Exhibit reveals forgotten objects, inner workings of Oakland Museum
on September 10, 2010
When conceptual artist Mark Dion needed materials for his new exhibition at the Oakland Museum of California, he headed behind the scenes, or technically, under the scenes. “It was a little bit like raiding the icebox,” he says of his time in the belly of the building. “I began scrounging through the archives, spending a lot of time in storage.” After unearthing an eclectic mix of lost treasures—everything from Reagan campaign buttons to a stuffed baby elephant—Dion constructed “The Marvelous Museum,” which opens Sept. 11.
Dion and project manager Chris Fitzpatrick worked with the objects for two years and emerged with an installation laid out in three different parts of the museum building. The first part is what Dion calls twenty “interventions,” or pieces that were found in storage and are now worked into art displays. For the second portion, Dion constructed a mock storage space on a museum floor. Finally, there are his recreations of actual curators’ offices.
The office installation is located in a side room—three desks representing the working lives of curators from critical periods in American art. A replica of a 19th century curator’s desk, and the artist’s interpretation of a museum registrar’s desk from 1976, are both cobbled together using objects from storage. The third desk is a little different. It’s modeled after the office of Rene de Guzman, a real OMCA curator who is presently alive—unlike the baby elephant—and has volunteered to be part of the art exhibit.
De Guzman’s belongings populate the faux workspace. Personal touches include books organized by color, a painting of a fly fisherman (one of de Guzman’s hobbies), and de Guzman’s running shoes. De Guzman has even selflessly agreed to sit at the desk for some part of the exhibition and interact with the visitors. How does it feel, this being on display? “I feel a little vulnerable,” de Guzman said, glancing around uneasily during a practice run. “In order for this to work it has to have a real level of authenticity.”
It’s no surprise that de Guzman is willing to put himself out there for “Marvelous”—he is responsible for bringing Dion to Oakland to work with the artifacts. After the renovation that closed the Oakland Museum from August 2009 to May 2010, de Guzman hopes this exhibition will articulate the museum’s story to visitors. When it first opened in 1969, the Oakland Museum combined objects from many collections—all in keeping with the California theme—in order to exhibit art, history and natural science in one central space. “What Mark does, in the midst of this change and forward-looking posture of the museum, is look back at our legacy,” de Guzman said. “It’s important to bring our roots to the present.”
Dion exposes that legacy further in the exhibit’s “storage” portion, which is designed to look like a museum behind the scenes. Folks who wander into this area might think they’ve taken a wrong turn. Boxes and cages piled to the ceilings; forgotten objects from another era encased in wood, plastic and packing materials—all are real items from the storage at Oakland’s Museum. This is Dion’s favorite thing. “A big part of the exhibition is trying to take out all the things people don’t normally see, which is actually the sexy stuff,” Dion said. “It’s the opposite of the way a museum presents things, where everything is easy to access. In storage, everything is protected, everything is hidden.”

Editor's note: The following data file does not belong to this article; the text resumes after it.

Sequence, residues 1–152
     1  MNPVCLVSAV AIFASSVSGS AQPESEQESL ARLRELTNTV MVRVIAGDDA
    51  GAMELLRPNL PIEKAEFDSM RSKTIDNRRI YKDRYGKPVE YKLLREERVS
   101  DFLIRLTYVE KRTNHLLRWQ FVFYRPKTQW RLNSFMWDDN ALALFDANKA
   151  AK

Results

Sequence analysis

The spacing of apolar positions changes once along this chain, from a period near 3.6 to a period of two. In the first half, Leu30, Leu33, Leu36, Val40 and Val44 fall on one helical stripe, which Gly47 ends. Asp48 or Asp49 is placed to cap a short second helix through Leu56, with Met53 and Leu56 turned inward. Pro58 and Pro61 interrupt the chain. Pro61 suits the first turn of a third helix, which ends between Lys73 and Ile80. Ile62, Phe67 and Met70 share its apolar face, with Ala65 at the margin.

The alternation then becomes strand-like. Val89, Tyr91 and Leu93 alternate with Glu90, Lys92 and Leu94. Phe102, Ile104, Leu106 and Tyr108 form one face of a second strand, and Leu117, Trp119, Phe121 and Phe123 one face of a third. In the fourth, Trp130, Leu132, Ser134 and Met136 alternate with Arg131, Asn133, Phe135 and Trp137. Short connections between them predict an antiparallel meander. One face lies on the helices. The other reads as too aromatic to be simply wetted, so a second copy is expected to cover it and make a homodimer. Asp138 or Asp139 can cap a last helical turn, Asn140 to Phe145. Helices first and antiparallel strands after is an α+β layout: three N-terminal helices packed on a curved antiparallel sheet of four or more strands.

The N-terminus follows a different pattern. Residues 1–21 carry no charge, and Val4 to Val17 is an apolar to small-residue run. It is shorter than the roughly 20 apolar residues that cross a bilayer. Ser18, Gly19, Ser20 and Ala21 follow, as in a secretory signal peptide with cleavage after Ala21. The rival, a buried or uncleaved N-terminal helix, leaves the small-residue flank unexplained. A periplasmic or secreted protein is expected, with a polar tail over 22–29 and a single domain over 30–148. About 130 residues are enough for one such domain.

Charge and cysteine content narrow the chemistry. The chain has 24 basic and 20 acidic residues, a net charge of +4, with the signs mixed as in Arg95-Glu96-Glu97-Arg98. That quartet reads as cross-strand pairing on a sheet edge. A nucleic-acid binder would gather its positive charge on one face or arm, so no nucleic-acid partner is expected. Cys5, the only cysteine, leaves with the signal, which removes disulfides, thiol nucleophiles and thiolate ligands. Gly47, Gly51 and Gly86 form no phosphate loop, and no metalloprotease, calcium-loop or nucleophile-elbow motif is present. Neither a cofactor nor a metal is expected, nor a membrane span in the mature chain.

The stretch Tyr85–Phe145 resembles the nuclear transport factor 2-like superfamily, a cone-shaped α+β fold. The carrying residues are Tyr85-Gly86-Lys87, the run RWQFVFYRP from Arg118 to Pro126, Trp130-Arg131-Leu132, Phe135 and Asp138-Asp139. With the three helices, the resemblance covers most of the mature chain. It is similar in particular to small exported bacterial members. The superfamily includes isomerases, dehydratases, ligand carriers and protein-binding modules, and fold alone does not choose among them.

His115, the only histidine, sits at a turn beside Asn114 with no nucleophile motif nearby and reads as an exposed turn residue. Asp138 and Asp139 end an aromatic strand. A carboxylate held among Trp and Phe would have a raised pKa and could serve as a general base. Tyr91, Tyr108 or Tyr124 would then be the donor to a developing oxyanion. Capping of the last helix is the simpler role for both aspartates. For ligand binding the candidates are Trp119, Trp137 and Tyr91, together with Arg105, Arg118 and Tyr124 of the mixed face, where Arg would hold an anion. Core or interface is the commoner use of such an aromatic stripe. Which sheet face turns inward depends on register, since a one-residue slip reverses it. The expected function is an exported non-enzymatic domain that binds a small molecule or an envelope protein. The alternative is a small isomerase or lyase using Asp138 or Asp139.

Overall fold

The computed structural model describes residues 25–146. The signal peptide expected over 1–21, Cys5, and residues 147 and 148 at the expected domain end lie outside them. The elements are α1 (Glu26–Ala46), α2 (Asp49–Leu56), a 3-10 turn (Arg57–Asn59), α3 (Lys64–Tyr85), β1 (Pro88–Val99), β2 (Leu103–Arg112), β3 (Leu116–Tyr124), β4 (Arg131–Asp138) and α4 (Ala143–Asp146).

Less hidden are the “interventions,” or artifacts Dion worked into the standing galleries. In the room dedicated to art of the gold rush, for example, Dion inserted a large stone coin from the Pacific island of Yap. The coin is situated on the floor under a wall of paintings, still partially hidden by the box it has lived in for years, and provides commentary on the randomness of gold as currency. “In Yap, the heavier these stones are, the more they’re worth,” Dion said. “It seems arbitrary, but it’s not any more arbitrary than the value we’ve placed on gold. There’s nothing inherent about gold which makes it valuable, yet the entire face of the world has been changed by our desire for it.”
A giraffe in a cage of plastic sheeting stands next to a collection of portraits, a telephone pole is tethered to a wall, and a soapbox derby car has been plunked in the middle of the gallery floor. If the placement of the objects seems random, rest assured that Dion thought each one out methodically. “It’s very different from other museums because it’s thematically organized rather than chronologically,” Dion said. “These things all make reference to the place where they are.”
The Oakland Museum’s unique character is one of the things that attracted Dion, who lives and works mainly in Pennsylvania and Manhattan, to the project. And though Dion was new to Oakland, he quickly gained an appreciation for the city’s personality and how the museum fits into it. Dion even compared the Oakland Museum to the San Francisco Museum of Modern Art and SF-MOMA’s counterparts in New York, Paris and London. “Oakland Museum has a bit more of an attitude” than the others, he said. The big name artists and the international reputation of MOMA-type institutions tell what Dion calls a “dominant story,” which really has no place in Oakland. “Oakland has another story, which is a much richer and more interesting kind of story, in a way,” he said.
Lead image: Curator Rene de Guzman at a recreation of his desk, which is part of the “Marvelous Museum” exhibition.
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